The U.S. chief religious freedom watchdog condemned Saudi Arabia’s Jan. 2 execution of a Shi’a Muslim cleric as a violation of religious freedom, and called for global respect for human rights.
“Sheik al-Nimr's execution blatantly disregards the right to dissent and the right to religious freedom of Shi'a Muslims in the country and, as our State Department has noted and events tragically have documented, contributes to sectarian discord both within Saudi Arabia and in the region,” Robert P. George, chairman of the U.S. Commission on International Religious Freedom (USCIRF), stated on Tuesday.
George called on Saudi Arabia “to honor international standards of justice and ensure the religious freedom and equal protection rights of everyone in the Kingdom, including its Shi'a Muslim citizens.”
Tensions in the region escalated quickly after Saudi Arabia’s mass execution of 47 men on Jan. 2 included Sheikh Nimr al-Nimr, a Shi’a cleric and long-time activist for Shi’a rights in the kingdom who has been a public critic of the government.
Al-Nimr was convicted in 2012 by the non-Sharia Specialized Criminal Court on various charges including “inciting sectarian strife” and civil disobedience, according to USCIRF’s 2015 annual report. The court was created in 2008 to try terrorism offences, but it has increasingly been used to convict dissidents without a proper trial, USCIRF noted.
In response, outraged Iranians stormed the Saudi embassy in Tehran and torched the building. Saudi Arabia responded by severing diplomatic ties with Iran on Jan. 4, and Bahrain, Djibouti, and the Sudan followed suit. Kuwait recalled its ambassador to Iran.
“Sheikh al-Nimr's trial and his execution raise serious due process and religious freedom concerns,” George stated, calling the charges “vague and questionable” and saying they did not meet the standards for capital punishment set by international human rights law.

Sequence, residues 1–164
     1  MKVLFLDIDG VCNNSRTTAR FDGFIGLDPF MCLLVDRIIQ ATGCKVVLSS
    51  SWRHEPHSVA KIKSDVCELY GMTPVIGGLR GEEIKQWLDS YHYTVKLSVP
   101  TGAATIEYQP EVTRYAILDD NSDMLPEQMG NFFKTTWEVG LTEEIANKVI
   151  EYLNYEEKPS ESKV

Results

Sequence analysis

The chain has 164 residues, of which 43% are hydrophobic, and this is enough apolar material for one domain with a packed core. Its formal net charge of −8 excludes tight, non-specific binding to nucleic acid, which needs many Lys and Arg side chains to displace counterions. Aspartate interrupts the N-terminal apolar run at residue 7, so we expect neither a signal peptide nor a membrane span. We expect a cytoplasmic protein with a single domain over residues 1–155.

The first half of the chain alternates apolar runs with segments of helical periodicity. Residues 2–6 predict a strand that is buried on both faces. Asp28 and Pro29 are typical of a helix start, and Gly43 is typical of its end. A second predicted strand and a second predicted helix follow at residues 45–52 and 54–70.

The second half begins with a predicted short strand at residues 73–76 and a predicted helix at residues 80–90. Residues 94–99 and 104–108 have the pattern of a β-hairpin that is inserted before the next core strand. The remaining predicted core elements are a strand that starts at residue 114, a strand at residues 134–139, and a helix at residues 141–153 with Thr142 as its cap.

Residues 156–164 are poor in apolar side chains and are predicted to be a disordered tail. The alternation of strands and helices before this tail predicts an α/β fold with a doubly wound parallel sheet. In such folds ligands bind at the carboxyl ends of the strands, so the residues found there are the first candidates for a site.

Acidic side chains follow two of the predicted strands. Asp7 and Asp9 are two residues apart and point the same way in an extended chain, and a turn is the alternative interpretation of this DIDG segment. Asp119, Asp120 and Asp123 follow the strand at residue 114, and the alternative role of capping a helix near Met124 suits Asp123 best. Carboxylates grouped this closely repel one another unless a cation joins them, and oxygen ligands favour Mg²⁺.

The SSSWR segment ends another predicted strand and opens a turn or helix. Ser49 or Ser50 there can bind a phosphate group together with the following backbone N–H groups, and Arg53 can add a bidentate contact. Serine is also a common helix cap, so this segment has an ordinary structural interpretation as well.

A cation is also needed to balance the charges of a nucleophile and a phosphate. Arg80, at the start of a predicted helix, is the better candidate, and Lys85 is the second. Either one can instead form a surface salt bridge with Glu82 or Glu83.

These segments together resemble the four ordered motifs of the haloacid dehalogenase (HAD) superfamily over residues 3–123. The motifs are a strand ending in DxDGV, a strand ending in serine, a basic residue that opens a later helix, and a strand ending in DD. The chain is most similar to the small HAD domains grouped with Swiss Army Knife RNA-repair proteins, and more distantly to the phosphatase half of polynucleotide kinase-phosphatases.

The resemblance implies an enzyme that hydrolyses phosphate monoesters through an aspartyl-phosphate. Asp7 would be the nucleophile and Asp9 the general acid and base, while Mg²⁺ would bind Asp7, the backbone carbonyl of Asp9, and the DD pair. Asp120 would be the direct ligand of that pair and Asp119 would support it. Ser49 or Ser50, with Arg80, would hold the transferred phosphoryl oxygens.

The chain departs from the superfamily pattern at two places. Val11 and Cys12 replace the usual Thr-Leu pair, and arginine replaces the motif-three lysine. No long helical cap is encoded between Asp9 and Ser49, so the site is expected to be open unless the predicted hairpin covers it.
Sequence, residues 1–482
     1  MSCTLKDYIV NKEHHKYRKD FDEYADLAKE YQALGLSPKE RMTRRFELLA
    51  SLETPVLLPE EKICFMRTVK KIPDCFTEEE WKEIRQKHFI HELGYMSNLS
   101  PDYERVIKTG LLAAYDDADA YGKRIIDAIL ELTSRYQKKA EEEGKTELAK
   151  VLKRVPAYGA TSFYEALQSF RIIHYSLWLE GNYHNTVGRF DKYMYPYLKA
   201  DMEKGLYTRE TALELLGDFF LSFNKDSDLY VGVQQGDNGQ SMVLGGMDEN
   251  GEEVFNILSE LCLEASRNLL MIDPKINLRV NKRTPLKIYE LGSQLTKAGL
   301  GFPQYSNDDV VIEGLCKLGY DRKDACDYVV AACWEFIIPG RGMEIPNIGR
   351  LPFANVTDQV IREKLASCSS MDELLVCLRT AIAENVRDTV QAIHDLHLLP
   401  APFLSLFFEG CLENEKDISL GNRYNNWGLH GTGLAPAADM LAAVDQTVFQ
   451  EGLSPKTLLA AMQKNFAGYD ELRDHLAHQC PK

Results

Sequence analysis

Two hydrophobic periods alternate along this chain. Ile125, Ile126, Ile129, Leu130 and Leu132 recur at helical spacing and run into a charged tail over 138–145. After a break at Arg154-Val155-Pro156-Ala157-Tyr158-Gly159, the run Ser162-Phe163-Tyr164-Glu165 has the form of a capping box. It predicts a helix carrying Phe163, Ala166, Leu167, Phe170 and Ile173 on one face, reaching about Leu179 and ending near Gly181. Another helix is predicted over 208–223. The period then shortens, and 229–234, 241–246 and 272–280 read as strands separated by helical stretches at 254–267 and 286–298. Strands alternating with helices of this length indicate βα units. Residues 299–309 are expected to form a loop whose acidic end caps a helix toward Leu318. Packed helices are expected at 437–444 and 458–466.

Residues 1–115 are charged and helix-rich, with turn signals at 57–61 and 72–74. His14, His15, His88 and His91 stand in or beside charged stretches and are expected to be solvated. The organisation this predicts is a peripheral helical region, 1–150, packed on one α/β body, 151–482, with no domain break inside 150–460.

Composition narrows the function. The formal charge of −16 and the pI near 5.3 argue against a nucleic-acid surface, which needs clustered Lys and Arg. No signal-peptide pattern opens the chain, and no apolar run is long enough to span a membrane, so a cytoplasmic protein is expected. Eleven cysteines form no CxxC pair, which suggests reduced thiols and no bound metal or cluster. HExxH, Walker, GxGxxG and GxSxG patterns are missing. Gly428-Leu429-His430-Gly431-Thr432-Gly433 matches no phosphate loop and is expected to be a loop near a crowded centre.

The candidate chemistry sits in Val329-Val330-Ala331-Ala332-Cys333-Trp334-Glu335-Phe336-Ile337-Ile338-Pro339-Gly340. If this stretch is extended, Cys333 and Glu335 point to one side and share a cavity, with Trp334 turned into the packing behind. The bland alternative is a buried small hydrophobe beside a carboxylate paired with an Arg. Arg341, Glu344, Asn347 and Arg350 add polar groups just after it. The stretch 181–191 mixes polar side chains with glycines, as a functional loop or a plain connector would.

The U.S. State Department responded to the execution by calling for greater respect for human rights. “We are particularly concerned that the execution of prominent Shia cleric and political activist Nimr al-Nimr risks exacerbating sectarian tensions at a time when they urgently need to be reduced,” said Jon Kirby, spokesperson for the Bureau of Public Affairs, in a Jan. 2 statement.
Saudi Arabia’s Shi’a Muslim minority suffers various repressions of religious freedom — they are largely prohibited from building mosques and have been imprisoned by the government for calling for reform or even practicing their religion at home, according to USCIRF. “The Shi'a community also faces discrimination in education, employment, the military, political representation, and the judiciary,” the commission noted.
Non-Muslim religions cannot build churches or public houses of worship in Saudi Arabia, and the government cracks down on blasphemy, sorcery, dissent, and apostasy, even treating acts of atheism and blasphemy as terrorism.
The U.S. Commission on International Religious Freedom reaffirmed its recommendation that Saudi Arabia be designated as a “country of particular concern” for its serious and ongoing violations of religious freedom. The State Department’s “Country of Particular Concern” list recognizes nations’ poor human rights records regarding religious freedom, and actions can be taken against such countries, including economic sanctions or a bilateral agreement.
Although Saudi Arabia is currently on the CPC list, a waiver has prevented the mandated action against them from taking place since 2006.